The United Mine Workers and Bituminous Coal Operators Association reached tentative agreement early yesterday morning on a new three-year contract that union officials said would raise the combined pay and benefits of miners 36 percent over the next three years.

If recommended today by the union's 39-member bargaining council, and approved later by the rank-and-file, the agreement means the coal strike scheduled to start March 27 when the current contract expires will be no more than a pro forma event lasting about five days.

The pact is the first major labor settlement to occur since the Reagan administration took office. If it sets the pattern for other industries, the agreement could spell considerable trouble for the administration's goal of less inflation without a serious recession.

A coal strike of some duration was assured last Tuesday when contract talks broke down, upsetting the union's 10-day contract ratification schedule. The union's tradition is not to work without a ratified contract.

"It's a decent contract," union president Sam Church said yesterday morning after his meeting with the BCOA, the bargaining agent for 130 coal companies in the East and Midwest.

"We didn't get everything we wanted, but we got a good agreement. . . . I think our people will accept it," Church said.

The union leader and the BCOA's chief negotiator, B.R. (Bobby) Brown, refused yesterday to give details on the settlement before it was presented to the bargaining council. But some details leaked out.

Major issues and their likely resolutions include:

Total economic (pay and fringe) benefits. The union began by demanding a 51 percent increase. The BCOA countered with 19 percent, and the two sides settled on 36 percent, which is roughly in line with the union's recent settlements with western coal mine operators.

Cost-of-living allowance (COLA) tied to the consumer price index. The union forfeited this benefit in its 1978 contract, tried to reinstitute it this time, and failed.

Multi-employer pension plan. The industry said the existing plan was too costly, and larger BCOA firms pushed for company-by-company pension coverage so they would not be responsible for obligations of smaller firms that have gone out of business. But the union argued that the company-by-company approach would overburden remaining smaller firms and destabilize coverage for many of its members. The BCOA yielded on this.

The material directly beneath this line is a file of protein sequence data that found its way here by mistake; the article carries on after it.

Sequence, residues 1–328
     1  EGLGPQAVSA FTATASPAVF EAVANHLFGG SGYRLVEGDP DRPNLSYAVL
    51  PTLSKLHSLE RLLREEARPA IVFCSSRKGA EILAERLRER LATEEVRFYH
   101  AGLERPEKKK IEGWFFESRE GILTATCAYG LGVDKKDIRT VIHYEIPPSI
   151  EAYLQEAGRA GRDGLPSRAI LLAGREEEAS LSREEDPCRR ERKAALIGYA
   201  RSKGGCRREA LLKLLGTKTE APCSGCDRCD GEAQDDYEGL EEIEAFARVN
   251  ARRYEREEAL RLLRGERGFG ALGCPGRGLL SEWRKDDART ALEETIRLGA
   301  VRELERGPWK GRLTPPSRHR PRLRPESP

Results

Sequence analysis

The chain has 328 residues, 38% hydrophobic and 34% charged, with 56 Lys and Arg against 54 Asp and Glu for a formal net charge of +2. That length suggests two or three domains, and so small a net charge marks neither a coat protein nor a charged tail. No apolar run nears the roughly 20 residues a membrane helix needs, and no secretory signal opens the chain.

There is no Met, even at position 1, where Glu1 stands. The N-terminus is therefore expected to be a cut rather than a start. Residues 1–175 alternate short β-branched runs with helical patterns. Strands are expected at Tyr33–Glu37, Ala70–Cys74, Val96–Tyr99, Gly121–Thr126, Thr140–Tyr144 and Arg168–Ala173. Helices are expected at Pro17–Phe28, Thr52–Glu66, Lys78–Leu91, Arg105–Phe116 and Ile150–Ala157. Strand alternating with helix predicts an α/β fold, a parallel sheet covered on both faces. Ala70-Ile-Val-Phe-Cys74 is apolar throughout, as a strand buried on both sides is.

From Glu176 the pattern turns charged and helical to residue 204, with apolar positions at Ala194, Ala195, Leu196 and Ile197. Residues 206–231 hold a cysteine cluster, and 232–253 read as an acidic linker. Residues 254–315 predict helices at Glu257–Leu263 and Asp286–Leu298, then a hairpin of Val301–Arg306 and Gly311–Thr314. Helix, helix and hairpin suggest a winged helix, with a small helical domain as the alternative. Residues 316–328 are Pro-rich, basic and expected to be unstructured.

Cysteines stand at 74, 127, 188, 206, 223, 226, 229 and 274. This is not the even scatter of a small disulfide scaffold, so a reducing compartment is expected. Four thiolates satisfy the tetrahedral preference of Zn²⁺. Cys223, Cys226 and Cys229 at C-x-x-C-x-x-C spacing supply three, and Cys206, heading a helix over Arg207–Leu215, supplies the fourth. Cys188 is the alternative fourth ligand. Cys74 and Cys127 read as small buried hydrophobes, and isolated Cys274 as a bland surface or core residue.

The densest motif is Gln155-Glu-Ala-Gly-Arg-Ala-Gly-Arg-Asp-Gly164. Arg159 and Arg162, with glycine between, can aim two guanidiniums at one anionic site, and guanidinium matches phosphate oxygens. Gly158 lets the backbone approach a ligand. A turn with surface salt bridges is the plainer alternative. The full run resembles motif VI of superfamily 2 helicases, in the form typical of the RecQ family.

Productivity. Faced with a declining share of domestic coal production, from 70 percent in 1970 to 44 percent in 1980, BCOA firms have been trying to increase productivity. Accordingly, the industry, representatives used this year's talks to push for mandatory overtime, Sunday work, and continuous mining operations -- most measures the union opposed.

"There will be no coal mining on Sundays, voluntary or otherwise, under the tentative agreement," a union source said yesterday. However, the source declined comment on the rest of the BCOA's productivity demands.

Other issues involved the fate of the arbitration review board, a court of last resort on grievances, which the union wanted to eliminate, and arrangements for royalty payments to the union's health and welfare funds from BCOA companies purchasing "nonsignatory" coal from firms not covered by the national agreement.

Union sources said yesterday that the ARB has been knocked out of the proposed agreement. An agreement was "worked out" on the nonsignatory coal, according to sources who would not give details on the compromise.

Church and his aides conceded yesterday that despite all of their rhetoric last last week about a new strike that could rival the record 111-day UMW walkout in 1977-1978, they wanted to keep this year's work stoppage as short as possible. The UMW has no strike fund, the industry has huge coal stockpiles and, despite their leaders' bravado, it was widely assumed that the miners would wind up with the largest lumps in an extended work stoppage.